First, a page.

Around 2% of patients experienced an AE, a frequency similar to those recorded in previous reports [7,11,2629]. In addition, 2.2% of patients died during hospitalization, again in line with other studies reporting rates ranging between 1–5% [9,30,31]. Nevertheless, those studies rated the selected AEs in the context of medical conditions and did not account for psychosocial factors.

To the best of our knowledge, this is the first study of CCIF that has included broader health, functional, and psychosocial problems in order to identify the risk factors associated with selected AEs and in-hospital mortality. After adjustment for potential confounders in the multivariate analysis, we found that several CCIF from all domains were associated with AEs and in-hospital mortality.

Mental status impairments, impaired adaptation, lack of caregiver support, old age, major chronic disease, hemodynamic instability, communication disorders, urinary or fecal incontinence, vascular fragility, position impairment, extreme weight, uncontrolled pain, transmissible infection, anatomical and functional disorders, male sex, length of hospital stay, admission to a medical ward and, high-tech hospital were independent factors associated with AEs.

Regarding age, older patients exhibit a higher risk of becoming frail, of presenting comorbidities and experiencing AEs during hospitalization, probably because of their increased care needs [11,26,32,33]. A systematic review identified co-morbidity, reduced functional ability and lower quality of care as important causative factors associated with AEs [11]. The results of that study coincide with our in identifying old age and major chronic disease as risk factors associated with AEs. Regarding functional ability, our study also identified position impairment and anatomical-functional disorders as independent factors associated with AEs.

Furthermore, previous studies have stressed that frequent patient surveillance and measurement of vital signs are crucial for the early detection of acute deterioration [34], and have identified an association between hemodynamic instability and poor outcomes [19,35]. Therefore, patients with hemodynamic instability or uncontrolled pain [36] are probably at a high risk of suffering AEs during hospitalization and require a longer hospital stay.

Similarly, isolated patients are at a higher risk of AEs such as hospital-acquired pressure ulcers [37]. Our findings are also consistent with previous studies showing that mental status impairments are associated with hospital-acquired complications [38,39]. Furthermore, other studies have shown that frail people admitted to hospitals can develop geriatric syndromes, with a higher occurrence of CCIF such as communication disorders, incontinence, vascular fragility or nutritional syndromes [4,11,4043].

Impaired adaptation, disruptive behaviors, hopelessness or powerlessness may also affect patients’ recovery, generating feelings of exclusion, self-blame, frustration or loss of control, and negatively impacting overall health outcomes [19,44,45]. Our study also found that lack of caregiver support during hospitalization was associated with AEs. In this regard, unpaid caregivers such as family members or friends often take on an active caregiver role in hospital to mitigate the risk of functional decline, falls, and hospital-related adverse events [46]. Previous studies have shown that psychoeducational interventions aimed at caregivers reduce burden and emotional distress and enhanced caregivers' perceived social support [47]. Future studies should assess the impact of psychosocial interventions and advanced nursing care on patients’ and caregivers’ health outcomes.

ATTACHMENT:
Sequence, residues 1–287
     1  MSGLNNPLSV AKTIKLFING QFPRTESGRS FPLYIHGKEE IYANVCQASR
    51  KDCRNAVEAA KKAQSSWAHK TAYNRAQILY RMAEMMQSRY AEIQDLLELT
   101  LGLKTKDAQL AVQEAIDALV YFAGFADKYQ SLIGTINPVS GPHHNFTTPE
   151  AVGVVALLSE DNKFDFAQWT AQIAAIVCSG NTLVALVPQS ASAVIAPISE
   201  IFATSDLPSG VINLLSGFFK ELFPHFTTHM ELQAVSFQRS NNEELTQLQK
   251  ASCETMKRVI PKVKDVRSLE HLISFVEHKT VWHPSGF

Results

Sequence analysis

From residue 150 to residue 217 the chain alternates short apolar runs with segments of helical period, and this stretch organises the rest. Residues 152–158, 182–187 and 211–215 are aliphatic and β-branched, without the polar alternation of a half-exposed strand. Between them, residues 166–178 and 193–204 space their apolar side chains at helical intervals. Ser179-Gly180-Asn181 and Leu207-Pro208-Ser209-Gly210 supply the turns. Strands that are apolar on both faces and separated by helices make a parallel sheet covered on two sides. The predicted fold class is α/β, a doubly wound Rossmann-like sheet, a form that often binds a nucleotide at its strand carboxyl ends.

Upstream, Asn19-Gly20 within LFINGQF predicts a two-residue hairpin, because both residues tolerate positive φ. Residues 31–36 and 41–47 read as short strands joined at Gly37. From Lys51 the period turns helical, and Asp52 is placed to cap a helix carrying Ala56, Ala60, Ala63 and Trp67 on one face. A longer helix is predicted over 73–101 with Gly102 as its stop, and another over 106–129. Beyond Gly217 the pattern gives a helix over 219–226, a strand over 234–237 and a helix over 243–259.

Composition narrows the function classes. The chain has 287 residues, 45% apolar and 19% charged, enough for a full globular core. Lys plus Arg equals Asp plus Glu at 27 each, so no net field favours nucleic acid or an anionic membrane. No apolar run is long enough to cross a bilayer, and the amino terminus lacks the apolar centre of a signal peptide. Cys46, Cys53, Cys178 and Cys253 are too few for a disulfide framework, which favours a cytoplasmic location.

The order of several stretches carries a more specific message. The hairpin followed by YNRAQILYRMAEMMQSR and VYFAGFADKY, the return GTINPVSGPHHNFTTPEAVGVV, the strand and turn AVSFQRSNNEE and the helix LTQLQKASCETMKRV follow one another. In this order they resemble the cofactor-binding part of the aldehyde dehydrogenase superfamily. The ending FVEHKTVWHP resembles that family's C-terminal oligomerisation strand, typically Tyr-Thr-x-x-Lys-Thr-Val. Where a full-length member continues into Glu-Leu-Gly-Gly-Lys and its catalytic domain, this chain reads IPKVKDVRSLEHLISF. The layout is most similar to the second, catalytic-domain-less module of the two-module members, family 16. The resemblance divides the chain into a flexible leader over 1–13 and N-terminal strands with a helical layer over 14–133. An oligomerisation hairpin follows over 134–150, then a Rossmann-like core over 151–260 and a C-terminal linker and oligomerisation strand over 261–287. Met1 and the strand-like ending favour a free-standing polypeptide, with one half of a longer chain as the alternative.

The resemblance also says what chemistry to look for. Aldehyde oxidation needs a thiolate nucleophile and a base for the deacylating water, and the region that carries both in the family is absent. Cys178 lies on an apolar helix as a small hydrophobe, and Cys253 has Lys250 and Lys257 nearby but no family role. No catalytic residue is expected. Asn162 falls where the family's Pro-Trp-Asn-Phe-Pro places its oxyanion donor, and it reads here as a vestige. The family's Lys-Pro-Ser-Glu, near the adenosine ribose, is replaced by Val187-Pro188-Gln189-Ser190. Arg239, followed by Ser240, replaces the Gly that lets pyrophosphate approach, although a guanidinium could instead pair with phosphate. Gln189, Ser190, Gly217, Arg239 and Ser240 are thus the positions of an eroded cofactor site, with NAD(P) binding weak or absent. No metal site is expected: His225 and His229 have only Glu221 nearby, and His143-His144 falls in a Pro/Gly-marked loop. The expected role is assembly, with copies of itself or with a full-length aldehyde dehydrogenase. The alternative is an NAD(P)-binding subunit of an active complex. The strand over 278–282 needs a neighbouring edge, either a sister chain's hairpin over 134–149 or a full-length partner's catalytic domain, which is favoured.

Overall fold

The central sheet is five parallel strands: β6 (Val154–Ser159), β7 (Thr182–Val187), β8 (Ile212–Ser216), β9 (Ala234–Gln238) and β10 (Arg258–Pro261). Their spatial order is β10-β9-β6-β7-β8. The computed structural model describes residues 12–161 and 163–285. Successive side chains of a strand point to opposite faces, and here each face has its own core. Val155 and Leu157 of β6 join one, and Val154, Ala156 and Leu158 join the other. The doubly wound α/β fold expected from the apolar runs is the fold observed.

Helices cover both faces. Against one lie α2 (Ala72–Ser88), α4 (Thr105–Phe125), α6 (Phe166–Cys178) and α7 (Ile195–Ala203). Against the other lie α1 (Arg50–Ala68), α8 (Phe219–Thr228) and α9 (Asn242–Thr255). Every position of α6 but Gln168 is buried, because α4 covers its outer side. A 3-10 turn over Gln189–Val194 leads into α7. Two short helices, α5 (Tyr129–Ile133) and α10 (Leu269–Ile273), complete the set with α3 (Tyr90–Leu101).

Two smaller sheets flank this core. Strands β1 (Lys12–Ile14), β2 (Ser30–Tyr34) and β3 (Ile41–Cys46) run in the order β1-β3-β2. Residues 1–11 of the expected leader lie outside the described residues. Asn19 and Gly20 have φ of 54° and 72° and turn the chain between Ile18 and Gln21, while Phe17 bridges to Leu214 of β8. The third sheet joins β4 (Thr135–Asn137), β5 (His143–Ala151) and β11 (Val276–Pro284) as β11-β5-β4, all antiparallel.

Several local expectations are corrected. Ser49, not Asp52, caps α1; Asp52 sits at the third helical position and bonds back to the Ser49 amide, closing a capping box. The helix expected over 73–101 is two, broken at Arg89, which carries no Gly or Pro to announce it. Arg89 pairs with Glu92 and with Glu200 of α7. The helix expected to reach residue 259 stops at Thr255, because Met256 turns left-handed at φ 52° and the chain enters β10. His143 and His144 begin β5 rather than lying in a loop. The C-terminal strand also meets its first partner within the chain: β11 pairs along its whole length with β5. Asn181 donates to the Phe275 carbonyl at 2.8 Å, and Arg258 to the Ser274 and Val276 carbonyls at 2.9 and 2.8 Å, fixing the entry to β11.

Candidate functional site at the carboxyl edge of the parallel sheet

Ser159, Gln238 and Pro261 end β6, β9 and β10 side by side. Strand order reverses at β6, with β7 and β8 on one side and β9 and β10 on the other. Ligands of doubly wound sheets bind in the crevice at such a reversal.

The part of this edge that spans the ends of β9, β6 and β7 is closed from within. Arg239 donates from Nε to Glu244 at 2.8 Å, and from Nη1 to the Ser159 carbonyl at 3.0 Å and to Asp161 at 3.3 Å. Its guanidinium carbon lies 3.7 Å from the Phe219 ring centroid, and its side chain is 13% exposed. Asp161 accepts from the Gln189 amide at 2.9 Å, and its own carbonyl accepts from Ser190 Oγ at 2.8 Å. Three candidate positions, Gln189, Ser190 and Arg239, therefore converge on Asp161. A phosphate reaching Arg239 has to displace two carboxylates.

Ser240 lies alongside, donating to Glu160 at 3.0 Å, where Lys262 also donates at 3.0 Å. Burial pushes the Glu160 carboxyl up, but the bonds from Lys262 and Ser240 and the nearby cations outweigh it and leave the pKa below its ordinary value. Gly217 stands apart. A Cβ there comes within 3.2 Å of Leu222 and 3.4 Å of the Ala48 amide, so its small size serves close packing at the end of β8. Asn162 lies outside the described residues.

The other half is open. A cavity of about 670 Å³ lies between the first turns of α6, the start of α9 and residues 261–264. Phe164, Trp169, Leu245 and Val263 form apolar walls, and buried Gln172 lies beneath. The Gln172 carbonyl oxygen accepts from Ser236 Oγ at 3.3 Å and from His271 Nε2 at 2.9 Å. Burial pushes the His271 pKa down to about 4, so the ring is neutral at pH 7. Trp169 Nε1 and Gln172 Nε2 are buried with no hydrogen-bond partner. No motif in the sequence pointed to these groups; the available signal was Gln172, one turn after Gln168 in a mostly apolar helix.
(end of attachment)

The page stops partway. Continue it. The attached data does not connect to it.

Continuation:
Mental-cognitive factors such as perception of reality disorders and impaired cognition were independently associated with pressure ulcers and aspiration pneumonia. These results corroborate those of previous inquiries that identified delirium as a risk factor for these AEs [33,40]. Within the psycho-emotional domain, fear and anxiety were risk factors for falls. Previous studies have shown that patients with fear of falling had a higher average of falls [48]. Conversely, our study identified fear/anxiety and aggressive behavior as protective factors against in-hospital mortality. Patients with severe illness often experienced anxiety due to their vulnerable situation [49]. Our univariate analysis showed a higher frequency of fear/anxiety in patients who finally died compared with patients discharged alive; however, these results should be corroborated with an analysis of long-term mortality. Similarly, aggressive behavior was more frequent among patients admitted to psychiatric units, and lower frequency of in-hospital mortality was observed in these wards. Furthermore, in the general population and also among in-patients, aggressiveness may be considered a “behavioral response of incitement and attack, verbal and/or physical, due to a stressful situation, loss of control emotional disorganization or intolerance to frustration; it is an acute situational, reactive adaption response or coping strategy” [24]. Aggressiveness is related to violence but is not synonymous with it; in violence there exists intentionality to harm oneself or others, while aggressive behavior may merely be a coping strategy in a particular situation. It has certain positive qualities such as helping to focus on one’s own values and goals to adjust to new realities and refusing to simply accept things in a passive way. In this sense, aggressiveness, while not a positive behavior in itself, might have a protective effect [24].